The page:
I don't really know what to say here. I'm in awe of these kids. Lucy and her siblings have taken the hugely traumatic event of her shark attack in total stride. On July 19th, as we made the drive down the narrow strip of sand known as the Outer Banks, we crossed a very important bridge.
On this whirlwind day trip I listened to the conversation of these children as they discussed what was happening.
None of them were nervous. They were all brave.
Lucy was, as she said, excited. She stunned us with the declaration that the day she was attacked by the shark was one of "the best days of my life."
Riding in the back of the Tuttle Truck, trying to mask my trepidation with photographic snaps of the passengers on this journey, my adult mind couldn't wrap itself around her reasoning. Why? How? Could that have really been one of the best days of her life?
On the exact same beach exit, in the exact same truck, with the exact same people, and with wind whipping through her teeth and hair she shouted, "It's like we are doing it all over! What if I get bit AGAIN?!"
Seth, the ever faithful, with steady seriousness said, "It won't happen, Lucy, that's impossible."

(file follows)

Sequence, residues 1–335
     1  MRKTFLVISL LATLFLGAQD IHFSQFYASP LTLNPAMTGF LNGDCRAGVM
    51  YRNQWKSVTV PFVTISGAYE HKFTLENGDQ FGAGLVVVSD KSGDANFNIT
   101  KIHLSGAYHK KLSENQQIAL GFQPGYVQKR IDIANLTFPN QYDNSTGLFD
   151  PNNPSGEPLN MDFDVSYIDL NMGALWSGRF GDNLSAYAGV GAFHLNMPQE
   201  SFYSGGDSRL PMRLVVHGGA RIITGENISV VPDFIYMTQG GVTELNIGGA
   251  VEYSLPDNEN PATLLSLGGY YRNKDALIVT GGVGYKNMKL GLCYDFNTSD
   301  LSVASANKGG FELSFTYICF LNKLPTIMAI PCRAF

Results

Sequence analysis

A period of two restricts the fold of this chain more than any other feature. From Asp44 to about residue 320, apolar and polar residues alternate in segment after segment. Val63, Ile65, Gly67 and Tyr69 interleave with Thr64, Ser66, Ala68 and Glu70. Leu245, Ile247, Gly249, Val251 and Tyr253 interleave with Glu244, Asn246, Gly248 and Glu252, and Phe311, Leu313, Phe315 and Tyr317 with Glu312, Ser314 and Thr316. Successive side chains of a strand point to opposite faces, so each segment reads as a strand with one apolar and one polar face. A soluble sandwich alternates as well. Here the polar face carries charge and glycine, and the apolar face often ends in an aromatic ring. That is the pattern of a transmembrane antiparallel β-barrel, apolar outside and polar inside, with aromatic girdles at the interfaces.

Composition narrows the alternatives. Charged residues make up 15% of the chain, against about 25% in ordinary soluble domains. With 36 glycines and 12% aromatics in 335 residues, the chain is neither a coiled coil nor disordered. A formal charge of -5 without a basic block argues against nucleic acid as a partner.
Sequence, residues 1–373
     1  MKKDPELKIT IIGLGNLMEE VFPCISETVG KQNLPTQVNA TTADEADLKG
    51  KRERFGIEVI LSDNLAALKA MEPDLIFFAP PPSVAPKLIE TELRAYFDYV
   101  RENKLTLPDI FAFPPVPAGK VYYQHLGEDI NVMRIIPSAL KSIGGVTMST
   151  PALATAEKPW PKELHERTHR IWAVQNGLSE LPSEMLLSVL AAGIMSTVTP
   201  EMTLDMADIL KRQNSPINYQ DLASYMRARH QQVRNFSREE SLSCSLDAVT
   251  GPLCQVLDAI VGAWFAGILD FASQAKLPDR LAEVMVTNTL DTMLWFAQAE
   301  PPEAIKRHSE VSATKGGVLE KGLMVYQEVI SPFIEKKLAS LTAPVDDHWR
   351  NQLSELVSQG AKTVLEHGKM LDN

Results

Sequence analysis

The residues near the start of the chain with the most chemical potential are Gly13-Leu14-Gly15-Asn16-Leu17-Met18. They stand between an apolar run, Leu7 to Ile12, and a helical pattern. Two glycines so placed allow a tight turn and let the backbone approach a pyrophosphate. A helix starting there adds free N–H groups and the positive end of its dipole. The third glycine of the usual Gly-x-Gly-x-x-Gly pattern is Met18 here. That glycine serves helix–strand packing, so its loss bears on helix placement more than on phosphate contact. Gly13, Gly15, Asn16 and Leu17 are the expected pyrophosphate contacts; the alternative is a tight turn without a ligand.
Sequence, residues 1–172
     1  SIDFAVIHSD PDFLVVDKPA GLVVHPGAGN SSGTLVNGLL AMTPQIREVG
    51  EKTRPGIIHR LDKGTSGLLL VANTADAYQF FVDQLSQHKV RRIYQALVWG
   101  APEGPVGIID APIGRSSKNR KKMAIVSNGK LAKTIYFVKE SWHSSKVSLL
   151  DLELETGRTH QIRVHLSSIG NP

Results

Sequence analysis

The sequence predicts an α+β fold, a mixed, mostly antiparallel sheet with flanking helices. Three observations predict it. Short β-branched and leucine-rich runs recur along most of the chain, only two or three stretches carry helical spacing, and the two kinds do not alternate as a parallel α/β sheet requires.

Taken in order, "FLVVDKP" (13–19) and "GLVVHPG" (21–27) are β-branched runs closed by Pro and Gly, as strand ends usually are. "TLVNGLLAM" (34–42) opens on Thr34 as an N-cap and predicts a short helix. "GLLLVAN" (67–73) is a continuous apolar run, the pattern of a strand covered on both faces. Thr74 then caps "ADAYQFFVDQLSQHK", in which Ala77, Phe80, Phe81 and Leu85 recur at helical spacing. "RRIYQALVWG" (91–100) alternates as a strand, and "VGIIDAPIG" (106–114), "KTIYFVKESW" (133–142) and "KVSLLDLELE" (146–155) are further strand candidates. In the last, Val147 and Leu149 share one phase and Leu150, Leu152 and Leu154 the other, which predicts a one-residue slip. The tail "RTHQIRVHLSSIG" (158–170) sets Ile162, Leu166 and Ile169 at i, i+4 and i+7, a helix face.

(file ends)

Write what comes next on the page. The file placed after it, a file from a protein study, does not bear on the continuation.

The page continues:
"I KNOW!!", she quipped, "But what if it DID!?"
She describes my emotions exactly. I KNOW it won't happen again, but I also know it CAN happen.
Sitting on the shore is so safe. But is it really? And is safe good? Risk, experience, hard things...don't these things birth growth and compassion?
We could stay home in front of our tame TV sets, fill our plates with predictable portions, keep an arms length from the arbitrary, and resist risk.
But, it won't happen, that's impossible.
Their unquestioning bravery still stumps me. And Lucy has her reasons for hallowing that day in her life as a happy one. The attention. The gifts. The oohs and aahs at her gnarly scars. Maybe. But I think it runs deeper than that. Something shifted in all of us that day.
Maybe it is knowing that we're not alone in all this. That there is a Greater One directing the course and that if we are good and brave, the outcome will be, too. Maybe it is returning to the beach that day that gave us power in humility. The power to know how small you are, but how strong, too.
Regardless, we must also always be vigilant. I will forever scan the fathom for fins. And we will keep our distance from the surf during the dinner hour.
But we will also always go back to the beach.